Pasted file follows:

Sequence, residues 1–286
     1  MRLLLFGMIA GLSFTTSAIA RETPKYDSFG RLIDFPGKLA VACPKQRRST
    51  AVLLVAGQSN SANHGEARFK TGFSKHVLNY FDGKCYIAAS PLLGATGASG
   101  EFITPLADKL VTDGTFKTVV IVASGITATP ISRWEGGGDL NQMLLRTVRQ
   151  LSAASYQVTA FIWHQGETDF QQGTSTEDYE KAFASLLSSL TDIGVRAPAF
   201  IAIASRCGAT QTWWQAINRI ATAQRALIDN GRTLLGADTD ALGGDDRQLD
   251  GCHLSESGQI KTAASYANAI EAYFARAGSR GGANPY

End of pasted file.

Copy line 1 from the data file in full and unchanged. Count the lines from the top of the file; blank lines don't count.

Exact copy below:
Sequence, residues 1–286